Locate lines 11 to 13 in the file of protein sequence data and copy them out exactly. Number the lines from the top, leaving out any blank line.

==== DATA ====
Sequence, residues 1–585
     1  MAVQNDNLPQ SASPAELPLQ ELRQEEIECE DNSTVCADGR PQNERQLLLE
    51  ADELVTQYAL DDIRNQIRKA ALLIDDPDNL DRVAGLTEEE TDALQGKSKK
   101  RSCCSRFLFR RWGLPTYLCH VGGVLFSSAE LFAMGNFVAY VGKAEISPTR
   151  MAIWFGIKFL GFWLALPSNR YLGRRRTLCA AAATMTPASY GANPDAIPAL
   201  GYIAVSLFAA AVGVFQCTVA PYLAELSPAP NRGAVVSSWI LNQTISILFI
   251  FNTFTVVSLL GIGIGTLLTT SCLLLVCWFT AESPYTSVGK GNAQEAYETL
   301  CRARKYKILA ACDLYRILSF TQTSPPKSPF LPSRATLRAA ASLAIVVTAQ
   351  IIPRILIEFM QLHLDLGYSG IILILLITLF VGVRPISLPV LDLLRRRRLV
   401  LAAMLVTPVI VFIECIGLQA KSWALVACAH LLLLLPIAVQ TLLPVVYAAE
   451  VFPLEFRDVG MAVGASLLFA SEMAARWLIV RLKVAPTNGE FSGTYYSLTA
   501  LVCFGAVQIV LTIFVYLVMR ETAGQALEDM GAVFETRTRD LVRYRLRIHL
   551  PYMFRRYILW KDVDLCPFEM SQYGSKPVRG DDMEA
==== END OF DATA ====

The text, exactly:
   451  VFPLEFRDVG MAVGASLLFA SEMAARWLIV RLKVAPTNGE FSGTYYSLTA
   501  LVCFGAVQIV LTIFVYLVMR ETAGQALEDM GAVFETRTRD LVRYRLRIHL
   551  PYMFRRYILW KDVDLCPFEM SQYGSKPVRG DDMEA